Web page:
October 22nd, 2012
|05:05 pm - The Thing in my Shower (contains descriptions of spiders!)|
One of the drawbacks to wearing corrective lenses to improve your eyesight is that you can't always have those lenses on. I wear mine quite often, but if I don't have them on or in, I'm most likely doing one of two things: sleeping or showering.
This morning, after finishing the first, I moved onto the second (a bit earlier than usual, as they were shutting off the water to our house early this morning to work on the water main), and so I was without my glasses or contacts.
Being mostly blind without these lenses, I am used to finding my way through things like showering: it's not a big deal. But this morning, upon stepping into the shower, I happened to glance down, and I saw a giant, fuzzy, black dot moving about on the floor of my shower.
I have no active arachnophobia, but I know the way a spider moves, and this one, in my state of non-corrected vision, appeared to be at least the size of a silver dollar. And my vision, I know, is not good enough to see the legs of most spiders from 2 meters away.
(Also, if you have a fear of spiders, don't do a Google Image Search for "arachnophobia." Just trust me on that.)
I had just gotten into the shower, and (being on a schedule now that the water was due to be shut off) I couldn't stop the shower, take care of the spider-thing (I began to imagine what else might be that size, move in that way, and not be a spider moments after seeing it). So, I thought for a moment, decided that whatever it was, it was probably a spider, and it probably wasn't poisonous (I know my black widows and brown recluses, and neither get that big. . . or so I hoped). But I couldn't quite get over how large it was. It didn't help that I couldn't see it.
So I spent my time imagining how long the spider had been watching me over the past year or so of its life, hiding in a dark corner of my bathroom. I wondered if there were others (it's said that any time you kill a spider, 7 other spiders see you do it; the implication is that they immediately begin plotting vengeance). I had a momentary, terrible thought that this spider is probably a female, and she probably laid eggs somewhere, and I had a vision of the egg sac bursting out on me while I was in the shower (probably in spring, but why imagine a far-off danger when you can imagine one temporally closer to home?) and thousands of spiders cheerfully trying to figure out what part of me tasted best.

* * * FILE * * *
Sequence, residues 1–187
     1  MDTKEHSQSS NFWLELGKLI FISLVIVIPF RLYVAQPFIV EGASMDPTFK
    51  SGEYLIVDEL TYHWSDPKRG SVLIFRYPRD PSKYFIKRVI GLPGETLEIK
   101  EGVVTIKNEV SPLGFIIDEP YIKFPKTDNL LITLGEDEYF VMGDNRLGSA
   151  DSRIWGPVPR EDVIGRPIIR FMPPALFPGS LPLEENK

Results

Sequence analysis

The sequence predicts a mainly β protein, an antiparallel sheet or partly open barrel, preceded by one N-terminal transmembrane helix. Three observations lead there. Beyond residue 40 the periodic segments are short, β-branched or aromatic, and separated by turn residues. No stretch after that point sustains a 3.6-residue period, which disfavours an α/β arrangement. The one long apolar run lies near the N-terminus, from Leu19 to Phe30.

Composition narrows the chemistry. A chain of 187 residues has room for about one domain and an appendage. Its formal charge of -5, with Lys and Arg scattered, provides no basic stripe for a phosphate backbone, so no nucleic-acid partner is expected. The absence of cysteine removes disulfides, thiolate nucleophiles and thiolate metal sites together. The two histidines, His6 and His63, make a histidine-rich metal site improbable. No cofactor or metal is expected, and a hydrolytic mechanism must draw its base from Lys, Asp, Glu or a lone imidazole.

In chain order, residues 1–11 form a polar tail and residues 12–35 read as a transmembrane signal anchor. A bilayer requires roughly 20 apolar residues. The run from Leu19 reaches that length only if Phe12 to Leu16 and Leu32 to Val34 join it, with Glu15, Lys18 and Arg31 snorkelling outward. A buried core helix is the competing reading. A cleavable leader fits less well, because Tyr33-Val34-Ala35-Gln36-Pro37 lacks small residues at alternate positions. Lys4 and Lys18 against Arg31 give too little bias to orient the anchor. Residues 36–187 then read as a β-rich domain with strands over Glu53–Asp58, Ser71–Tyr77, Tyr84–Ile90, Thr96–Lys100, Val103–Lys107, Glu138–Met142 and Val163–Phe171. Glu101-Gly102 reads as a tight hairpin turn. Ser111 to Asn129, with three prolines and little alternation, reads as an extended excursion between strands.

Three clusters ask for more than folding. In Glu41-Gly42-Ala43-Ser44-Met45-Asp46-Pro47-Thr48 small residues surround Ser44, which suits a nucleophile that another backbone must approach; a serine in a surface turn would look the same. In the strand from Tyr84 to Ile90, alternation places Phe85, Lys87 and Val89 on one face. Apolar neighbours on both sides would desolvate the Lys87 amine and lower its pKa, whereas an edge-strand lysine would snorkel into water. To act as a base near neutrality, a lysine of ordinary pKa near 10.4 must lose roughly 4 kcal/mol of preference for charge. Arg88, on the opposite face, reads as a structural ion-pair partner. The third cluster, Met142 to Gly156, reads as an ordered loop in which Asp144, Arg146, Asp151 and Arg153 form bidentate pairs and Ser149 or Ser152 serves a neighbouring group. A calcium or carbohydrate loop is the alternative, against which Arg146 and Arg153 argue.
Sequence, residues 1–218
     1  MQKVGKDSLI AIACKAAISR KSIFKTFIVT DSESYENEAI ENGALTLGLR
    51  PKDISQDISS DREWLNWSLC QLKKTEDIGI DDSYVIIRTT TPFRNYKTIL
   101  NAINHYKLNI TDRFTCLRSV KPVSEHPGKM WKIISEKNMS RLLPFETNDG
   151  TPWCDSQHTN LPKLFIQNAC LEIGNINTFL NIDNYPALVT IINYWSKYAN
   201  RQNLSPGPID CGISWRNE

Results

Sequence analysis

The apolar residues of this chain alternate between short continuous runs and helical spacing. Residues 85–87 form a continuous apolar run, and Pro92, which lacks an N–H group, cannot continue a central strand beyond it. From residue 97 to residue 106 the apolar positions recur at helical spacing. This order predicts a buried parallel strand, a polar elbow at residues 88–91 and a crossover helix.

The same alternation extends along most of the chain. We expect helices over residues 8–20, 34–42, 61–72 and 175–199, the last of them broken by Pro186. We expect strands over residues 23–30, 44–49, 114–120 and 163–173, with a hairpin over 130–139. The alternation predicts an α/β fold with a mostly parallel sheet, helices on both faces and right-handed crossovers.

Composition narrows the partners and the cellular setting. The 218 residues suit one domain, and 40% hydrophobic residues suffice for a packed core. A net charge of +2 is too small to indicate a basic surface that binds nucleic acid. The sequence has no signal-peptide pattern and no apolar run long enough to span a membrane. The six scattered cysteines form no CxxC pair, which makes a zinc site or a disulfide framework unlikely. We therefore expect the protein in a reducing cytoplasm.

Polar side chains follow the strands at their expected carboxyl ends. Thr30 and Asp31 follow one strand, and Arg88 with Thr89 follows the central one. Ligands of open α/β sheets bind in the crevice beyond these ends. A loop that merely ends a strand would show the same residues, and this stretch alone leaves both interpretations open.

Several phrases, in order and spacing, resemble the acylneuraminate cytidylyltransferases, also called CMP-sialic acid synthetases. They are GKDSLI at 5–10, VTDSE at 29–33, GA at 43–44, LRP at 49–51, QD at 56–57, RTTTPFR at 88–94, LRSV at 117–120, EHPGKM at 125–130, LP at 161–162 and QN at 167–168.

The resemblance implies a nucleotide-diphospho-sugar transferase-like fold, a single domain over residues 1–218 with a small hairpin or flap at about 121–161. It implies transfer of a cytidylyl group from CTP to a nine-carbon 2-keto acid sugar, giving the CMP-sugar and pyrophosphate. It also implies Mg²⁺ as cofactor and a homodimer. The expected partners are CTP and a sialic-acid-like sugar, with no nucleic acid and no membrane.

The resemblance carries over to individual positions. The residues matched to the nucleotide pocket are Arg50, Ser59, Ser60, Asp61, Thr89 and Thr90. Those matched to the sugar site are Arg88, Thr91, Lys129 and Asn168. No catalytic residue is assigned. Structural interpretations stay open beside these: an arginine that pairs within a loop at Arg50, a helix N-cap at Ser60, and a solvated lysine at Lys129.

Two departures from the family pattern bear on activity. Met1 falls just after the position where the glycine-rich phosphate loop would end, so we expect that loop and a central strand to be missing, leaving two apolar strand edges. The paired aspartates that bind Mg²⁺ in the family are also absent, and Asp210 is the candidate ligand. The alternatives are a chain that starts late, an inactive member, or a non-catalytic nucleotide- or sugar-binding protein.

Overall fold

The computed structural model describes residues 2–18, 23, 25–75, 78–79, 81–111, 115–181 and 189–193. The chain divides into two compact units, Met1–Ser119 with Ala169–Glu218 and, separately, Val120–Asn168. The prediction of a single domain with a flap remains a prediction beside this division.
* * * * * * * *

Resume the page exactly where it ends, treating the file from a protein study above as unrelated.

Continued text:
And of course, there was the notion that this really big spider wasn't a spider at all, but something else. I mostly tried to put that out of my mind, but it didn't stop me from being a bit uncomfortable about the drain below my feet, wondering what else might lurk there.
After my shower, I had to cross the threshold of the shower and get out. This was complicated by the fact that the fuzzy-black-dot-that-moved-like-a-spider-but-was-too-big-to-be-one had gone straight to the open corner of the threshold and I couldn't see it anymore. So I bent down, and. . . Yep, something leggy, fuzzy, and big was there. I worked my way across the threshold giving the thing plenty of distance so I wouldn't freak it out.
Yeah, that's me. Worried about freaking out the thing that probably wants to eat me and drag my soul to its cob-webby nest.
But I didn't want to kill it. I knew where it was now, but if it was a spider, it was beneficial. If it wasn't, well, we have a lovely entymology lab here on campus who could tell me just how dangerous the (likely innocent) creature was. So I decided to go get a jar.
Now, putting a spider in a jar is hard work. There's always worry that the thing is going to somehow leap from wherever it was and get stuck in your hair, where it will freak out because, hello, IT'S IN YOUR HAIR. . . and that's enough to freak out anyone.
I grabbed my glasses and took a good look. . . and with a sigh of relief, I saw it was, indeed, a spider. The biggest damn wolf spider I had ever seen. It actually was about the size I first thought it was. Holy hell.
So, now I had to find a jar big enough to move it outside. I still wasn't going to kill it: she was probably scared, too, and she's probably killed more insects (and, from her size, perhaps a few mice) in the house that I never knew about. I have a great deal of respect for creatures that kill other creatures so I don't have to. It's like we're on the same wavelength there.
At some point, while searching through the house, I realized that it would be very helpful if they created "spider-catching jars" that were square instead of round so that you could fit them into corners. In wondering why no one had ever thought of that, I realized (a bit sheepishly) that it is probably because it would be very difficult to screw the top onto a square jar.
Anyway, I found a jar and managed to (gently) back her into it, sealed it up, and took it upstairs where I set it on the stove until I could get dressed and put my shoes on. I warned my wife that there was a big wolf spider on the stove so that she wouldn't freak out if she wandered in before I'd done that (thankfully, she didn't), and then I took her outside once my shoes were on. I apologized for the temperature (it was chilly this morning), but she gracefully slipped out of the jar and didn't find a way to bounce into my hair, which I mentioned to her I was grateful for.
All told, she probably thought I was crazy.
Current Location: Southeast of Disorder
Current Mood: awake
Current Music: "The Pascagoula Run", -JB
I wish I hadn't read this now; it had never occurred to me that a spider (and we got 'em a lot bigger than silver-dollar size out here) might decide to leap into my hair.
Seriously. Never. Occurred. To. Me.
Thanks a lot, bro. As if a room full of 9th graders isn't scary enough. Thanks.
I tried to warn folks that "Thar be spiders," but perhaps I did not provide enough warning :)